New report urges Africa's leaders to put environment and health issues at the top of continent-wide policiesListen /
Africa's leaders should put implementing environment and health issues at the top of their national and continent-wide policies, if growing challenges such as air pollution, vector-borne diseases and chemical exposure are to be addressed, according to a new report compiled by the UN Environment Programme (UNEP) released Thursday.
The report, African Environment Outlook-3 (AEO-3), commissioned by the African Ministerial Conference on the Environment, places special focus on links between environment and health, pointing to the statistic that environmental risks contribute 28 per cent of Africa's disease burden. Diarrhoea, respiratory infections and malaria account for 60 per cent of known environmental health impacts in Africa.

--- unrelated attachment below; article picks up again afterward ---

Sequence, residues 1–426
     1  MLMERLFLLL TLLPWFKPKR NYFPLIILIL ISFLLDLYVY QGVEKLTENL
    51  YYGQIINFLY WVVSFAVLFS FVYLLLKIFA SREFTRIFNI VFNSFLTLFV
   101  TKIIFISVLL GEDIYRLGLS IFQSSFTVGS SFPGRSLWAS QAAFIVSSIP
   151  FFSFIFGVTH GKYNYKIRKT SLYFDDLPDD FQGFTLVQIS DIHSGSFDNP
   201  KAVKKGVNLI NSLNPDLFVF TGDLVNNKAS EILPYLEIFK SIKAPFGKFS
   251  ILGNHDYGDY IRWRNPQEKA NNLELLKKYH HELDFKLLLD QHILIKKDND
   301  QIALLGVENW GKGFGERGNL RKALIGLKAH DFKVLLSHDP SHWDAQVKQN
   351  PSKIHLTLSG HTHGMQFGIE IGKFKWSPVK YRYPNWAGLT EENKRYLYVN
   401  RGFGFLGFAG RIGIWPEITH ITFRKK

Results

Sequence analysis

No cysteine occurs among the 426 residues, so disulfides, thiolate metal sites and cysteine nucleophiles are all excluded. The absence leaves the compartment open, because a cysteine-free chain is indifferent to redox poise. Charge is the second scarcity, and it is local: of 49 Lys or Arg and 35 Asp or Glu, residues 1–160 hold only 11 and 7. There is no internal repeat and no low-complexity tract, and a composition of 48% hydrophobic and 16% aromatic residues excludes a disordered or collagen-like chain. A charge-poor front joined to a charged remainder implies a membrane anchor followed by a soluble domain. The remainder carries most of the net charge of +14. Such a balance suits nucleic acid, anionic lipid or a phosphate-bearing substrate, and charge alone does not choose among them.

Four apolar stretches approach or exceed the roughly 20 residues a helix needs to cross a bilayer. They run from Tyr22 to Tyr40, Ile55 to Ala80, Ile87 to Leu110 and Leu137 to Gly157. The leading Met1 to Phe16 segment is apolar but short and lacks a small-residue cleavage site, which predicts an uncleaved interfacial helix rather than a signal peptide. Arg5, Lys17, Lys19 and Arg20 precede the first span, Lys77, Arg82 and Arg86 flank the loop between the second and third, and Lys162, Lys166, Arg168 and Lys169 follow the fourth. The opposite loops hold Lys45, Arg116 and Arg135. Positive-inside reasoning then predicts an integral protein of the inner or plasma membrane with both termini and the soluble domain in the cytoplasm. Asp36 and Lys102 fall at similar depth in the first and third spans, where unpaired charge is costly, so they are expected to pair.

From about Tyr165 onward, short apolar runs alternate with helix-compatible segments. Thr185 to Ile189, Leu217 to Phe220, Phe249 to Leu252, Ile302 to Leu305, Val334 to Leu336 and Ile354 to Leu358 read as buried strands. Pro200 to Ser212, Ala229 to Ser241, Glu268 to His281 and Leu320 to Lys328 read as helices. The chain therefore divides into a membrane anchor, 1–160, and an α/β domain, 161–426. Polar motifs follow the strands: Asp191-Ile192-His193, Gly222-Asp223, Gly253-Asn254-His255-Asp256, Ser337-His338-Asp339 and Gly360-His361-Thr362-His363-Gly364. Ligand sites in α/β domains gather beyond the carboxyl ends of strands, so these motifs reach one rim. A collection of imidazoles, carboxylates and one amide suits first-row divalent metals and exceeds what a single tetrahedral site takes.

Frank Turyatunga- Regional Coordinator Africa Programme.
“We found that indoor and outdoor pollution unhygienic or unsafe food, improper waste disposal, absent or unsafe vector control and exposure to chemicals are the main leading issues in the area of environmental health. About 10 per cent of the disease burden in Africa is attributable to inadequate water, sanitation and hygiene and it is evident that children bear the most burden.”
The report cites in particular, particulate matter – the air pollutant with greatest impact on human health – is of great concern in poor rural areas, where little access to cleaner stoves and fuels causes significant health impacts through indoor pollution. Air pollution in Africa can be 10 to 30 times higher than World Health Organization limits.
Donn Bobb, United Nations